The theme of weather is mentioned again as Bishop describes the rain on the house as “dancing” helps to maintain the overall dreary mood of the poem. Bishop also compares the rain to the soft tears of steam on the kettle, keeping the theme of sorrow ingoing throughout. “But the child is watching the teakettle’s small hard tears dance like mad on the hot black stove, the way the rain must dance on the house. ” The poem concludes with the personification of the almanac which is portrayed as being all-knowing.
The themes of loss and grief are dominant as Bishop describes how the child shows her drawing to the grandmother and the grandmother smiles but continues to cry. “But secretly, while the grandmother busies herself about the stove the little moons fall down like tears”. “First Death in Nova Scotia” is a poem referring to the death of a young child and how a family are dealing with his death. It is based in the removal of the dead child and Bishop herself narrates as a child. It may be referring to memory in her childhood. The dominant themes in this poem are death, loss of innocence and childishness.
Stanza 1 sets the scene in the parlour where the corpse is “laid out”. The atmosphere is cold as there is repetition of the word “cold”. The theme of childhood is brought into the poem as Bishop, as a young child, is describing her surroundings in a very childish way. Death is immediately prominent in the poem as she childishly tries to understand the loon. She attempts to describe the eerie stuffed bird. It is silent and Bishop does not understand why. “He hadn’t said a word”. The child does not seem to understand death which is why she cannot understand why the bird is quiet.
The stuffed loon acts as a distraction from her dead cousin, Arthur. The image of the loon is sinister and cold. She seems to be haunted by its presence. The cold atmosphere is introduced again as the loon watches over Arthur. “And the red-eyed loon eyed it from his white, frozen lake. ” Childishness is reintroduced when bishop uses the metaphor of a cake to describe Arthur’s coffin. It seems as if it is the only comparison she can make as she does not understand the reality of the situation. “Arthur’s coffin was A little frosted cake. ” Finally, in stanza four, the speaker focuses on Arthur’s corpse.
Her descriptions of him are childlike and innocent as she compares him to a doll. She also relates the death to Jack Frost, highlighting the theme of childishness as she attempts to deal with Arthur’s death. “Jack Frost had dropped the brush and left him white, forever. ” The poem ends with Bishops childish panic. She does not understand why they are sending Arthur so far away in the deep snow. “But how could Arthur go, clutching his tiny lily, with his eyes shut up so tight and the roads deep in snow? ” “Filling Station” is a poem about Bishops experience stopping at a remote filling station and examining it as she waits.
The themes in this poem are family and mockery. The poem opens with Bishop describing the station with distaste. She sets the tone as she describes the dirt of the filling station and the old, oil covered objects that she can see. “Oh, but it is dirty! This little filling station, oil-soaked, oil-permeated to a disturbing, over-all black translucency. ” Bishop the goes on to describe the people she can see at this filling station, incorporating the theme of family into the poem through description. She describes one fat man which she assumes is the father and owner of the station, and also describes his sons.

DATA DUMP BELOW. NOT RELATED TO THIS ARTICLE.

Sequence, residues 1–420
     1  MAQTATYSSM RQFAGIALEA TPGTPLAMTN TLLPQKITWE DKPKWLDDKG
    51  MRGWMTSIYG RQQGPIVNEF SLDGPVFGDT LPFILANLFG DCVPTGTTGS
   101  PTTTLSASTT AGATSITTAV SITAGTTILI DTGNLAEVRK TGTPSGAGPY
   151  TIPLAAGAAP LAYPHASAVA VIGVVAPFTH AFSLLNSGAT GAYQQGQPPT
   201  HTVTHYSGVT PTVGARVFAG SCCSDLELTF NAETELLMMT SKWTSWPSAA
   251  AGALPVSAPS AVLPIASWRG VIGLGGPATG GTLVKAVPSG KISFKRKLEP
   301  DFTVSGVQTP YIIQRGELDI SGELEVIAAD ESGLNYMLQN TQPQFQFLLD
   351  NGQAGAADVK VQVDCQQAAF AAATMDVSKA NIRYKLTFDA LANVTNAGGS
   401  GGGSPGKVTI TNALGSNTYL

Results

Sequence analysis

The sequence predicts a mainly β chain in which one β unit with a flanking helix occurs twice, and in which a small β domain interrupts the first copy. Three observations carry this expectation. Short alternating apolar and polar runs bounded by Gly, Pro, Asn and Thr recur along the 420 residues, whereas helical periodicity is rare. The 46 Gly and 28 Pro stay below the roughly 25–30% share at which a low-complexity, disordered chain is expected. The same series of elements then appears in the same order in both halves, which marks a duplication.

The description she gives to the sons makes them appear as quite cheeky, which is the stereotypical view of young boys. She mocks the lazy, laid back attitude of males due to the absence of a female figure. “Father wears a dirty, oil-soaked monkey suit that cuts him under the arms, and several quick and saucy and greasy sons assist him. ” Bishop then begins to question whether these people live in the filling station, once again incorporating the theme of family into the poem as she notices certain family elements in the station.
She mocks the fact that everything seems to be greasy and dirty in the filling station. “And on it a set of crushed and grease- impregnated wickerwork; on the wicker sofa a dirty dog, quite comfy. ” Bishop then begins to notice the female presence in the poem, re-introducing the theme of family into the poem and maintaining its importance. Although she does not experience the female, she can see that there is a mother’s love and touch somewhere in the background of this dirty little filling station.
The poem shows that even in filth and disorder a trace of love is still evident. “Why the extraneous plant? Why the taboret? Why, oh why, the doily? ” To conclude the poem, Bishop experiences a moment of epiphany. She realizes although she may mock this filthy little filling station, there is more to it than oil permeated wickerwork and grease. She realises this is a family filling station, and through the day to day work that goes on here, there is a mother figure in the background.
She realises the minute details of the decorated crochet and the extraneous plant is all due to a mother’s love. “Somebody loves us all. ” To conclude my essay, I would agree that Bishop does explore a variety of different themes throughout her poems; however these themes are recurring throughout her poetry and may be in more than one poem. She uses interesting styles to introduce these themes to the reader, such as rhetorical questioning, personification, detailed imagery and also speaking from somebody else’s point of view.